When I was a kid, the best thing in the world was driving in the backseat of my dad’s Cadillac listening to snooze jazz (that’s what I called it), watching the trees go by, wondering how my dad calculated where we’d go when we were cruising, inhaling the leather of the seats, pinching myself to not fall asleep because then maybe he’d think we should go home. Just because I was relaxed did not mean I wanted the moment to end.
So today I realized a few things:
1) Snooze Jazz is comforting now that Mr. Larry Ray Robinson is only with me in spirit. In fact, the nerd that I am, I only listen to NPR and snooze jazz. I am turning into an old person, but for a good cause.
2) I must remember that just because I am relaxed it doesn’t not mean I want the moment to end. That goes for lovers, friends, family, books, movies, trees, beaches, sunshine, grimy hot subway stations and the like. All of you must know that I will never be so relaxed that I take you for granted. I am relaxed because you allow me to be so.
3) There is nothing…nothing like seeing your work published. African Voices has published my short story “Wedding Dress, Capital of Egypt” and I am literally doing cartwheels. It’s the first time the piece has been published. It’s very much dedicated to my Renaissance High School girls who realized that they didn’t quite fit in with the cookie cutter lifestyle we could’ve chosen. Check www.africanvoices.com.
I hope you can pick up the magazine and check the story out. If you’re able, and if you’re out there since I have zero clue how many people read this thing, please drop me a line and let me know your thoughts. The self published novel is coming soon. I’ve scaled down my bling dreams and made it publishing made simple. When it’s available, you most assuredly will know as I basically pour my guts right here. Write here. Sometimes I erase though so you don’t see everything…whoever you are.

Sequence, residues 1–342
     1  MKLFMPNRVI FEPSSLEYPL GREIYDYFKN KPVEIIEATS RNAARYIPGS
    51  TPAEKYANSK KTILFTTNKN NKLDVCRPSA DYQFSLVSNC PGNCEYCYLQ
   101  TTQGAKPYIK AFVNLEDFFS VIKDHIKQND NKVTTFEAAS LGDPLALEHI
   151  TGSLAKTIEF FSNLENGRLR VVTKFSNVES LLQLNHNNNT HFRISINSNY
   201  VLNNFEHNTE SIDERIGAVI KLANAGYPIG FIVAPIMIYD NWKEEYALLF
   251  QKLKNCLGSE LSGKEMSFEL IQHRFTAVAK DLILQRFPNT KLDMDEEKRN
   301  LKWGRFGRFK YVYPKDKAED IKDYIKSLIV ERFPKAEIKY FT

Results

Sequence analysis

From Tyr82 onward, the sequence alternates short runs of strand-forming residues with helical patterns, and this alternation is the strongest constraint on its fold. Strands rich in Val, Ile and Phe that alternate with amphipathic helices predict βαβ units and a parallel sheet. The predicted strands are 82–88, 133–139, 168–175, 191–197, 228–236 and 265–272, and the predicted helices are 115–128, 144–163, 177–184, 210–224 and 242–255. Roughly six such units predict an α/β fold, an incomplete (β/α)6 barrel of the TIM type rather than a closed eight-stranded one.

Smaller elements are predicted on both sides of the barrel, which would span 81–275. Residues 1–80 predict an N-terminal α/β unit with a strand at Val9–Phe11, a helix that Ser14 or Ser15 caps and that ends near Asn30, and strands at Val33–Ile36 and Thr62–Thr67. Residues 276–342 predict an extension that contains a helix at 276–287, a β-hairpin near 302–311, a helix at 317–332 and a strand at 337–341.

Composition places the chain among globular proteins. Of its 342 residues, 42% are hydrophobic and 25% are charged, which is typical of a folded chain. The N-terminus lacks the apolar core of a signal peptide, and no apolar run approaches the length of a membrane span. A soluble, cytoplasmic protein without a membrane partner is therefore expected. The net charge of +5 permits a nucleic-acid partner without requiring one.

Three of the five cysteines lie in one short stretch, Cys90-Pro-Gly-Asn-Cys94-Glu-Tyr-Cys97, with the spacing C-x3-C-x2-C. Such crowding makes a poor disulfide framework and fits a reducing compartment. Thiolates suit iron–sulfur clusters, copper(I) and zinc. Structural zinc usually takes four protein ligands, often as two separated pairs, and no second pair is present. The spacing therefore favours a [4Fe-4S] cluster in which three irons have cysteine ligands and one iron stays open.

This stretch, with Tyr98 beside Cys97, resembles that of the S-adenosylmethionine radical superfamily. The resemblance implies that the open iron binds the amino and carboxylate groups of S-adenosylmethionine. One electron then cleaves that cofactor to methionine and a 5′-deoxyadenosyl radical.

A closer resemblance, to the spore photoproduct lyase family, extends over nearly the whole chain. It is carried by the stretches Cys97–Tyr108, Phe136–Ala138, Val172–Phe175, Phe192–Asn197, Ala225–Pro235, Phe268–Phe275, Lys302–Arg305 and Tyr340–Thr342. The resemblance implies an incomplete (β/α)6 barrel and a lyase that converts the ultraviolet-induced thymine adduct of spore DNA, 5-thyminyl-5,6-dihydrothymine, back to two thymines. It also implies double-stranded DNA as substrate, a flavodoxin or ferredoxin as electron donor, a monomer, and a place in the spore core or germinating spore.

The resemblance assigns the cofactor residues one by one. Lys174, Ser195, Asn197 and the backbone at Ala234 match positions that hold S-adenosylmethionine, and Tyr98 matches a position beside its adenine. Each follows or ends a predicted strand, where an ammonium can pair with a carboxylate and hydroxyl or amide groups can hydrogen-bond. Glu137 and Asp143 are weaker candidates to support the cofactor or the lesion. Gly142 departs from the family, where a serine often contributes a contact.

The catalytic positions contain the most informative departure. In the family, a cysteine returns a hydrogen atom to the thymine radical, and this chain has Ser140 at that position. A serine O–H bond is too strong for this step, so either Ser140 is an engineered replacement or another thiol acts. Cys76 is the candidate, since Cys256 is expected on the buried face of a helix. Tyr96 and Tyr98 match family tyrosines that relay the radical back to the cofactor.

So here’s to an almost perfect day. What would have made it perfect, you may ask. Well, I really believe in the element of the unknown and making room for what’s to come. So to answer, I have no idea but it does exist.
Sometimes I feel like (no this is not a Red Hot Chili Peppers tribute) an asshole because I ask for stuff from the universe and it seems to take forever to get. I’ll be honest. I prayed for love for a good part of 15 years before I think I finally broached what I meant. Sometimes I realize that I am not getting what I ask for when I ask for it because it’s just not time and I’ve always been impatient. I’m not a brat so there are a few exceptions that I still don’t get, like my dad dying, but other than that, stories like these make me realize that my ass can wait a little longer if stuff like this is still in the line up.
New evidence collected in 1946 lynching case
* Story Highlights
* Officials said they collected items from property in Walton County, Georgia
* In 1946, a white mob beat and repeatedly shot four black sharecroppers
* One victim, Dorothy Malcom, had her unborn baby cut from her womb
* Case was last documented mass lynching in the United States
By Doug Gross
ATLANTA, Georgia (CNN) — State and federal investigators said Tuesday that they spent the past two days gathering evidence in the last documented mass lynching in the United States: a grisly slaying of four people that has remained unsolved for more than six decades.
In a written statement, the FBI and the Georgia Bureau of Investigation said they collected several items on a property in rural Walton County, Georgia, that were taken in for further investigation.